Having felt recently that my Dual 2GHz G5 Power Mac was getting a bit outmoded, I decided to invest in a machine that would be so fast it might outlast any other I could buy, so my attention turned naturally to the 3.0GHz 8-core Mac Pro, possibly the fastest desktop computer made today. Looking at the prices that Apple charges for RAM and hard drive upgrades, I decided to order my new Mac Pro with the minimum RAM and disc and do the upgrading myself. I wanted the Apple Raid card so I could setup a fast, redundant disk array, and I wanted lots and lots of processor cores. I ended up ordering a Mac Pro in this configuration:
- 3.00 GHz Quad-Core Intel Xeon
- 1GB 667 DDR2 FB DMM ECC-2×512
- ATI Radeon X1900 XT 512MB
- 250GB Serial ATA 3Gb/s drive
- 16x SuperDrive DL
- Airport Extreme & BT 2.0+EDR
- Raid Card
- Apple Keyboard & Mighty Mouse
- Mac OS X
- Country Kit
I then went to Newegg and ordered 4 Seagate 750GB SATA drives, and 4 sticks of 2GB Fully Buffered ECC RAM by Transcend. The RAM was explicitly described as suitable for Mac Pro, and several reviewers were pleased with its performance in their machines.
The RAM and hard drives arrived a few days before the Mac Pro, and I decided I would open up the new computer and upgrade the RAM and hard drives before it was ever powered up. Back in the day I built many PCs, and I started repairing electronic devices for a living in 1968, so I have no fear of tinkering inside a computer.
On delivery day I saw that my new toy was out for delivery at 5:34 AM, but it did not arrive until exactly 8PM. The poor FedEx guy looked like he was ready to collapse from working so long. I got out my camera and took a series of photos as I unpacked and upgraded my Mac Pro.
Adding or replacing a hard drive in a Mac Pro is as easy and simple as it could be. You just slide one of the drive carriers out, each one is numbered, and use the provided screws to mount your SATA II drive to the carrier. There are no cables to connect, the connectors on the drive mate with the motherboard when you slide the drive back into place.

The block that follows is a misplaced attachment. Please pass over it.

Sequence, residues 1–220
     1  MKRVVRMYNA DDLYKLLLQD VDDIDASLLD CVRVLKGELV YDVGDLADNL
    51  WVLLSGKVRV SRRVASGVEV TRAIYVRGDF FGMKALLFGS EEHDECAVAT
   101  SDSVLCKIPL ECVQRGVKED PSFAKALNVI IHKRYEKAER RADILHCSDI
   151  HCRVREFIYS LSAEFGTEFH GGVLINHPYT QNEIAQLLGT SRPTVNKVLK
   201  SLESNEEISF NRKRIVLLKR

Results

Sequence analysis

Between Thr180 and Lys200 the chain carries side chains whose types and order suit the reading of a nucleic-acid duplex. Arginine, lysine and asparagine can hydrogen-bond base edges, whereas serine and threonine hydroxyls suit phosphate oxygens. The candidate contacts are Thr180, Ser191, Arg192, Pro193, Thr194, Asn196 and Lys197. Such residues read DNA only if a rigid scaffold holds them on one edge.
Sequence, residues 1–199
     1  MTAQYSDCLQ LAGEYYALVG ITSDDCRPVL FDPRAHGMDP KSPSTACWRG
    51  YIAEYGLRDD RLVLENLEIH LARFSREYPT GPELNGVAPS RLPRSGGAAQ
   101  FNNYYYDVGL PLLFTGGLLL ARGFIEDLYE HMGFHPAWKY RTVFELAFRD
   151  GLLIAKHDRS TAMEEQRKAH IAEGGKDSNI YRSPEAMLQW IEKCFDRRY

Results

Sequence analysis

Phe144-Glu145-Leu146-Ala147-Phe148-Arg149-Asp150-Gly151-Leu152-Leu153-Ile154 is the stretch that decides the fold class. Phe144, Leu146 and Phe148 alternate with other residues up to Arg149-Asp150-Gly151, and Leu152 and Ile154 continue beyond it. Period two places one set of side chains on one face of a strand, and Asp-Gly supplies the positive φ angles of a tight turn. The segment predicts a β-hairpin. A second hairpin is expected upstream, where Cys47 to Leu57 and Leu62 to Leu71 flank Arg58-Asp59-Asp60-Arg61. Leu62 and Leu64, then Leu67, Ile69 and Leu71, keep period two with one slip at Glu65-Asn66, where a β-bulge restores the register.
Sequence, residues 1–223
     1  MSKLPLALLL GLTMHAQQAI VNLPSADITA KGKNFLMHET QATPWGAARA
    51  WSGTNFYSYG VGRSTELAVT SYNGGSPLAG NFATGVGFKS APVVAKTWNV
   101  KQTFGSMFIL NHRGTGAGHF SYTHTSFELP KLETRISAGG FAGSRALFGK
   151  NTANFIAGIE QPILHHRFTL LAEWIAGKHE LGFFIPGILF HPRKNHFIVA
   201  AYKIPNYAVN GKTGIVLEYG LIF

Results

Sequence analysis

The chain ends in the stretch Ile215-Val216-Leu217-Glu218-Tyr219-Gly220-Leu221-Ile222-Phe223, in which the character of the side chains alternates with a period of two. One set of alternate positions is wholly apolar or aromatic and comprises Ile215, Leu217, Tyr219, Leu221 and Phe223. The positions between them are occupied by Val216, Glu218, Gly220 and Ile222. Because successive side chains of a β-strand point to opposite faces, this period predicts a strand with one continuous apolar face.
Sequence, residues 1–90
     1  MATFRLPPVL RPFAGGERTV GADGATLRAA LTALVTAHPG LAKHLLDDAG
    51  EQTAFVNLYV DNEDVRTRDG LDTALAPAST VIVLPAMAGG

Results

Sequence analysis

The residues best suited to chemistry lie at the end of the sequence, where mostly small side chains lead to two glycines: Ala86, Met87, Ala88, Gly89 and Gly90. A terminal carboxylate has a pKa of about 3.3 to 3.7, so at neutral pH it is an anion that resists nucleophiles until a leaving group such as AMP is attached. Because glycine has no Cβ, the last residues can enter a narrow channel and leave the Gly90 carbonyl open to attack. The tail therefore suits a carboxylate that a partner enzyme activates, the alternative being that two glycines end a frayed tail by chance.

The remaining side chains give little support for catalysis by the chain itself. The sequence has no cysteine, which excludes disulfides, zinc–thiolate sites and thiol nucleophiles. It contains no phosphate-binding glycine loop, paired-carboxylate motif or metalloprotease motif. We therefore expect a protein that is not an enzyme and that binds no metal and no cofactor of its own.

The RAM was even easier, just pull out a RAM card, plug in your DIMMs, and slide the RAM card back into place.
I removed the original hard drive and RAM, replacing them with my larger, bigger, faster selections.
Since the only hard drives in the Mac Pro now were the ones that I had installed, there was no operating system available and I had to install it from the provided DVDs. But first it was necessary to create a RAID array on which the OS would be installed. When you buy the Apple Mac Pro RAID card, for the ridiculous price of $999, you get to create a bootable RAID array.
I chose to create a RAID 0+1 array, meaning that my 4 750GB drives would give me a nominal 1.5TB internal storage, in fact once it is all initialized and formatted it worked out to 1.36GB, plenty for onboard storage, even with my 70 websites, 38,000 high resolution digital photos, and 8,000 MP3s. Plenty!
Once the RAID was created and the OS was installed the last step was migrating my applications, settings and files from my old G5 Power Mac. This was so easy it ought to be illegal. All I had to do was boot the Power Mac into target disk mode, by holding down the T key as it booted, then connect the two machines using a firewire cable. Because of my billions and billions of web pages and digital photos it took 14 hours to transfer my data, but once I finally got to use my new Mac Pro it was and still is amazingly, mind boggling-ly fast. I mean fast. I mean wicked pissa fast. How about hard drive write throughput for 2MB files of 506MBps? iPhoto runs faster, Adobe/Macromedia Dreamwrecker runs faster, Photoshop seems as fast as Preview – well almost as fast.
I’m very, very pleased. Yes, it was expensive, but I use my desktop computer more than I do anything else so I do expect to get my money’s worth out of this investment. Photos are here.
[tags]Mac Pro, hardware, RAID, upgrade, OS X, 8-core, Xeon, Intel, Apple, Mac[/tags]